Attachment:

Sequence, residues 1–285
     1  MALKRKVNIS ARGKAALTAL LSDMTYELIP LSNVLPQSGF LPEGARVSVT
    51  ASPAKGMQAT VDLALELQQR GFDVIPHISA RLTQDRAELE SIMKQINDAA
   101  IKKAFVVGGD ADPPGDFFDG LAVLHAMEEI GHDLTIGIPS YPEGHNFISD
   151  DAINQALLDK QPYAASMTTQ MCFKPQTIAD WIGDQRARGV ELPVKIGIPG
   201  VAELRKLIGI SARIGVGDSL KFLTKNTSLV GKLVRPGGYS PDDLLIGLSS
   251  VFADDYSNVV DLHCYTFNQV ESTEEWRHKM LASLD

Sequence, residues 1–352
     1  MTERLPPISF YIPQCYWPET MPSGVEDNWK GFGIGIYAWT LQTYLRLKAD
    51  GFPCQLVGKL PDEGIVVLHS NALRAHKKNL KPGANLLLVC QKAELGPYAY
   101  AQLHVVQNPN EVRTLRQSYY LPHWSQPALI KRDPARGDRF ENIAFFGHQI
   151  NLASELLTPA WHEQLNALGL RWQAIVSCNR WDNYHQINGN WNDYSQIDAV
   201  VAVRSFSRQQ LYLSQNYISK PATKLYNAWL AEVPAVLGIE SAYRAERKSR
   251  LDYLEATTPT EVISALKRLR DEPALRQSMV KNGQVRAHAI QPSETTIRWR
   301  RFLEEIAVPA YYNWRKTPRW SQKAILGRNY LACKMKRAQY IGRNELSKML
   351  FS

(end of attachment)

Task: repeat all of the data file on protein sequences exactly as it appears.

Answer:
Sequence, residues 1–285
     1  MALKRKVNIS ARGKAALTAL LSDMTYELIP LSNVLPQSGF LPEGARVSVT
    51  ASPAKGMQAT VDLALELQQR GFDVIPHISA RLTQDRAELE SIMKQINDAA
   101  IKKAFVVGGD ADPPGDFFDG LAVLHAMEEI GHDLTIGIPS YPEGHNFISD
   151  DAINQALLDK QPYAASMTTQ MCFKPQTIAD WIGDQRARGV ELPVKIGIPG
   201  VAELRKLIGI SARIGVGDSL KFLTKNTSLV GKLVRPGGYS PDDLLIGLSS
   251  VFADDYSNVV DLHCYTFNQV ESTEEWRHKM LASLD

Sequence, residues 1–352
     1  MTERLPPISF YIPQCYWPET MPSGVEDNWK GFGIGIYAWT LQTYLRLKAD
    51  GFPCQLVGKL PDEGIVVLHS NALRAHKKNL KPGANLLLVC QKAELGPYAY
   101  AQLHVVQNPN EVRTLRQSYY LPHWSQPALI KRDPARGDRF ENIAFFGHQI
   151  NLASELLTPA WHEQLNALGL RWQAIVSCNR WDNYHQINGN WNDYSQIDAV
   201  VAVRSFSRQQ LYLSQNYISK PATKLYNAWL AEVPAVLGIE SAYRAERKSR
   251  LDYLEATTPT EVISALKRLR DEPALRQSMV KNGQVRAHAI QPSETTIRWR
   301  RFLEEIAVPA YYNWRKTPRW SQKAILGRNY LACKMKRAQY IGRNELSKML
   351  FS